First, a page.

In this edition, we talk about the rise of Rishi Sunak and the fall of Parag Agrawal, the multi-billion-dollar Tata-Airbus deal, the RBI’s upcoming MPC meeting, and the goings on at the CCI, EPFO and Reliance Industries.
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“Power will go to the hands of rascals, rogues, freebooters; all Indian leaders will be of low calibre and men of straw,” former British Prime Minister and Conservative Party leader Winston Churchill is believed to have once said. “They will have sweet tongues and silly hearts. They will fight amongst themselves for power and India will be lost in political squabbles. A day would come when even air and water would be taxed in India.”
Whether or not Churchill actually said these words, his utter disdain for Indians was well known. Scarcely would he have imagined that less than six decades after his passing, not only would an Indian-origin politician—Rishi Sunak—be leading the Conservative Party, but would also occupy No. 10 Downing Street as the UK’s prime minister.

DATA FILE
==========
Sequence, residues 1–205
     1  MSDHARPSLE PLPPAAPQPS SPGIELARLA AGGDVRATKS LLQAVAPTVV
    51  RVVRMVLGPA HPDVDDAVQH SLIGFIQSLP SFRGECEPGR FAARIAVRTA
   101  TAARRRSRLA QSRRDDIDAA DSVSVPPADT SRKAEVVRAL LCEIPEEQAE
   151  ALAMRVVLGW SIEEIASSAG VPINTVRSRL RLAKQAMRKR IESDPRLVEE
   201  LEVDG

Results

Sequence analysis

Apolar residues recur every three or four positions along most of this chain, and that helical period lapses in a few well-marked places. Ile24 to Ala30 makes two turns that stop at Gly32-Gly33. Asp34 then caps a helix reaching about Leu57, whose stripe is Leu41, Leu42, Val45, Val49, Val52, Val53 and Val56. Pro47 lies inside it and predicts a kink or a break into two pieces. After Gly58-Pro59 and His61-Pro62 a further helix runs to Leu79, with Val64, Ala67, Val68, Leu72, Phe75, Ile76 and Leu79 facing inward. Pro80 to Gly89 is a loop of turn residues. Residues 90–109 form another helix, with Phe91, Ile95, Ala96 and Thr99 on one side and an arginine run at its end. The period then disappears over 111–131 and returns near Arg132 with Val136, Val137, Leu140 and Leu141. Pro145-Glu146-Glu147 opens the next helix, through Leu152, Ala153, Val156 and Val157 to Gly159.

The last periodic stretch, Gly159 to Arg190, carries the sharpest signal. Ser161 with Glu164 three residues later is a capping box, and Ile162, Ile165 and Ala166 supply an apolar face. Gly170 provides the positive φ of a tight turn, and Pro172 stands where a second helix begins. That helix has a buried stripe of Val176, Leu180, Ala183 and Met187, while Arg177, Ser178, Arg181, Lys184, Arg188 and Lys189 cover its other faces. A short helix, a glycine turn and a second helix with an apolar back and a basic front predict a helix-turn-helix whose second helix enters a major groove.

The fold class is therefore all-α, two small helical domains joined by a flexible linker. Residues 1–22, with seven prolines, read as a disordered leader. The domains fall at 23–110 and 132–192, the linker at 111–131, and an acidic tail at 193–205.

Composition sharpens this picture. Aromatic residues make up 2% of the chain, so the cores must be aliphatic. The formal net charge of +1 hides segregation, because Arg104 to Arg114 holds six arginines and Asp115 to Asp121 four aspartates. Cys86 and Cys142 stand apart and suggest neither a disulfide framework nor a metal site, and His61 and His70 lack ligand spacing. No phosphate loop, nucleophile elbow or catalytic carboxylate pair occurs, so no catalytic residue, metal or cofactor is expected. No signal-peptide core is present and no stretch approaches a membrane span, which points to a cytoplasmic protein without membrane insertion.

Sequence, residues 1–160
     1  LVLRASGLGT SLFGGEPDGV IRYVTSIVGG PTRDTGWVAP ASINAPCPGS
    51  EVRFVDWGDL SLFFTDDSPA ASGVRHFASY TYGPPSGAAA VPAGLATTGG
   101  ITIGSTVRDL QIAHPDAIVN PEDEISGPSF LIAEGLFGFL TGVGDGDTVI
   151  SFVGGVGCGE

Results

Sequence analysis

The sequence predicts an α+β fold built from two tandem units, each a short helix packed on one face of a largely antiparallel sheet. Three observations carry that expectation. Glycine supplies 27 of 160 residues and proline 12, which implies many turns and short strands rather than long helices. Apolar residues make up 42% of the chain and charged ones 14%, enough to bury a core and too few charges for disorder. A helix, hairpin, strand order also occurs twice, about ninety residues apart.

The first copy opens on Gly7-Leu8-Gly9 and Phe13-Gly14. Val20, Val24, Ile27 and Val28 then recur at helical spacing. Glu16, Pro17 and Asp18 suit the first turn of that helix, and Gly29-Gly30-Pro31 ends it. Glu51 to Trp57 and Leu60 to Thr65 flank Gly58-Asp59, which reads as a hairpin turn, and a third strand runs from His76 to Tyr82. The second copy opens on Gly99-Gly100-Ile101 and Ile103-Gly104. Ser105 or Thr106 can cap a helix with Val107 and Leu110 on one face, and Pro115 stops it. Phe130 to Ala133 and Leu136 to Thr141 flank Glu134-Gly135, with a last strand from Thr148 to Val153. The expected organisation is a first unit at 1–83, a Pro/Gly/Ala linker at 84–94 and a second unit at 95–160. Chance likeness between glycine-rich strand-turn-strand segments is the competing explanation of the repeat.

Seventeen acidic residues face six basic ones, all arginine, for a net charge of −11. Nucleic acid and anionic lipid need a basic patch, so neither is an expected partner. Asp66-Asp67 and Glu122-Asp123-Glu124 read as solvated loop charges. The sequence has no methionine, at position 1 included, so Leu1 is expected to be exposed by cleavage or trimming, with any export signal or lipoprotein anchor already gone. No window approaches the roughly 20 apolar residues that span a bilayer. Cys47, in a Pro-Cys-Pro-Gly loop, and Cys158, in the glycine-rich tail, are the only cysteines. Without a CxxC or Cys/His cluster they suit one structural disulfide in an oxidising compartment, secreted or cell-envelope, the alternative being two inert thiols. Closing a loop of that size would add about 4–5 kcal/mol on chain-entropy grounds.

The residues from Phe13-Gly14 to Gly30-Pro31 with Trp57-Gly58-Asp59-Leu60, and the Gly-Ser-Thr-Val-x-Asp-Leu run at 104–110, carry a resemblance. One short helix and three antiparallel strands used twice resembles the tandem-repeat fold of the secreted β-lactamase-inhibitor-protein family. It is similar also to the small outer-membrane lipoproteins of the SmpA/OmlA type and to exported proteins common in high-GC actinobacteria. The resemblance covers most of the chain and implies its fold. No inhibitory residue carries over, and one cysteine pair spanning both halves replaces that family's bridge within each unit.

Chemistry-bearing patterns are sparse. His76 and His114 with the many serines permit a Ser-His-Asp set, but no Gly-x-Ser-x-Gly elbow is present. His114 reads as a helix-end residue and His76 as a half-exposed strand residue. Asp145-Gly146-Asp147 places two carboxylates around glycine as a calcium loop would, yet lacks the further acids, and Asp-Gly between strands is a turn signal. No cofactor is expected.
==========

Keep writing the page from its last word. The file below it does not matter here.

Not only is Sunak one of the youngest British prime ministers, the 42-year-old is also one of the wealthiest to have occupied the iconic Westminster City home. As the son-in-law of Infosys founder NR Narayana Murthy, Sunak shares a $823 million personal fortune with wife Akshata, who is one of the promoter shareholders of India’s second-biggest IT services exporter.
That makes Sunak richer than King Charles and, frankly, tells you everything you may want to know about the changing power dynamics of global politics where old money must make way for first-generation wealth.
Just as Sunak entered one of the world’s most famous doorways, another Indian and fellow Stanford alum Parag Agrawal was shown the door, and rather unceremoniously at that, as billionaire Elon Musk finally completed his takeover of microblogging site Twitter and fired its top executives.
Agrawal, the IIT-trained chief executive officer at Twitter, was ousted along with another Indian-origin executive, legal head Vijaya Gadde, general counsel Sean Edgett and chief financial officer Ned Segal.
As part of the $44 billion takeover, Twitter shareholders will be paid $54.20 per share and the social media site will go private and delist from the New York Stock Exchange.
But the real billion-dollar question dominating social media discourse is, will former US president Donald Trump be allowed back on Twitter?